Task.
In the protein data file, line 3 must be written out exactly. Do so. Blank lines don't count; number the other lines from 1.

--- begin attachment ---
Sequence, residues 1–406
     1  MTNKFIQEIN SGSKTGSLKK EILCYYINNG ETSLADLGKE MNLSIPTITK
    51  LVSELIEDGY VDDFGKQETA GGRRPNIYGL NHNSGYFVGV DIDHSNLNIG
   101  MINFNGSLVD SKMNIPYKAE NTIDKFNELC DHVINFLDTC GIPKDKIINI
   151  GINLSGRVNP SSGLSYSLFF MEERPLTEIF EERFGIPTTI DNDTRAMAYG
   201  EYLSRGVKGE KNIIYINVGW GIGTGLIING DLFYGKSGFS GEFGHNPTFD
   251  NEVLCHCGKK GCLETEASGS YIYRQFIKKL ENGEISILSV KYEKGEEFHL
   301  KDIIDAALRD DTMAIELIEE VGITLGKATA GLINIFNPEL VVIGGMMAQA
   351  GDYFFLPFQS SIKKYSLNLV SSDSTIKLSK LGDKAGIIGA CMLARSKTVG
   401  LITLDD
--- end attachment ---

    51  LVSELIEDGY VDDFGKQETA GGRRPNIYGL NHNSGYFVGV DIDHSNLNIG